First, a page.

This column seeks to help educate our community about emotional healing through grief. People may write questions to Golden Willow Retreat and they will be answered privately to you and possibly as a …
This column seeks to help educate our community about emotional healing through grief. People may write questions to Golden Willow Retreat and they will be answered privately to you and possibly as a future article for others. Please list a first name that grants permission for printing.
Dear Dr. Ted:
I am 55 years old and I've been doing a lot of reflecting on my life lately. Not long ago I was verbally attacked for events that happened in my childhood when I was about 7. The person claimed I was mean and evil. All I was trying to do was be helpful and protective as us kids had no adult supervision. I was crushed when this person accused me with these labels, but I also see how: many of my behaviors were not appropriate in hindsight. I feel miserable and have to reevaluate the image I have of myself. What are your thoughts on this?
I'm always inspired when people are willing to look at their lives and do the hard and introspective work to allow healing and growth. Thank you for bringing this topic to the public and thank you for being willing to do your healing work. When you do introspective and historical work it is important to make sure you have healthy support that allows you to look into yourself and still function within the demanding world around you.
Support may come from professionals in mental health or spiritual health practices and it may be found in other people such as friends, groups or family. The important part is even though the work is from you, being emotionally held while you go through the process is important and allows for a witness, and someone to reflect your thoughts with and possibly have insight rather than advice.
Something to remember is that you may have a tendency of judging yourself with your present-day maturation and wisdom, rather than the age you were when the behaviors occurred that you may wish had not happened. Each person has a right to their emotions and resentments, but it does not make them accurate in your narrative of what happened or why something happened. Two people could be telling the truth with very different stories due to their perception of the incident.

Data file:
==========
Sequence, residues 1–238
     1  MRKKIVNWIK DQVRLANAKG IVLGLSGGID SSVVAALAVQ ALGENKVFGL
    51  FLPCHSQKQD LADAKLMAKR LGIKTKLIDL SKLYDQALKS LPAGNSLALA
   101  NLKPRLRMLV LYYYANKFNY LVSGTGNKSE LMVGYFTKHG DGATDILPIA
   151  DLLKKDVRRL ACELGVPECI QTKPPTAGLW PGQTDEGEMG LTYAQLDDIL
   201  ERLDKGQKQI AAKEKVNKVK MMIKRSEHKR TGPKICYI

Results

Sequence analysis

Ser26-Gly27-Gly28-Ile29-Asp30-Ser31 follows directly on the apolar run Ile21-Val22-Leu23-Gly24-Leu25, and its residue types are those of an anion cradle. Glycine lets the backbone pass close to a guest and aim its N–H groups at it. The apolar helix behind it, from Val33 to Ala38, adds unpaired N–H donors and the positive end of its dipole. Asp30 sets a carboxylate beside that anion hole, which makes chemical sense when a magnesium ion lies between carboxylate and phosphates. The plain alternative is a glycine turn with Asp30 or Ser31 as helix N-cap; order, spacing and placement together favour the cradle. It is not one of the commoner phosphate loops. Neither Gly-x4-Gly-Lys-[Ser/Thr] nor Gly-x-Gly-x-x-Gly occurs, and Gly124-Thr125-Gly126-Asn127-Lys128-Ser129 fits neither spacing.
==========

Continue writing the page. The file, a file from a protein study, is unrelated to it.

As you reflect on your life, please remember that your wisdom today came from actions from the past and you did not have that wisdom as a child. Often, children are put in adult roles and do not have the skills or maturity to respond in the situation as a healthy adult may respond. This makes complete sense, and yet there may be an enormous expectation that the child responds and acts like an adult.
This may have been the situation you found yourself in back when you were 7 years old. As the adult expectations are placed on the child and the child becomes overwhelmed, the child may act "inappropriately" as a scream for help, or just being appropriately clueless for not knowing how to act like a mature adult. With this in mind, you may be able to have empathy for that young person who was probably doing their best with the skills they had at that time.
Seeing and recognizing that you were in a no-win situation might help you realize that it does not mean you are confined and defined by that event. In this you can give yourself the love and kindness that you may not have received at that time and heal old wounds. To remember that decisions and actions of our past do not define you, and accusations by others do not mean that they are your truth.
Thank you for the question. I wish you well. Until next week, take care.
Golden Willow Retreat is a nonprofit organization focused on emotional healing and recovery from any type of loss. Direct any questions to Dr. Ted Wiard, EdD, LPCC, CGC, founder of Golden Willow Retreat at GWR@newmex.com.
In order to read our site, please exit private/incognito mode or log in to continue.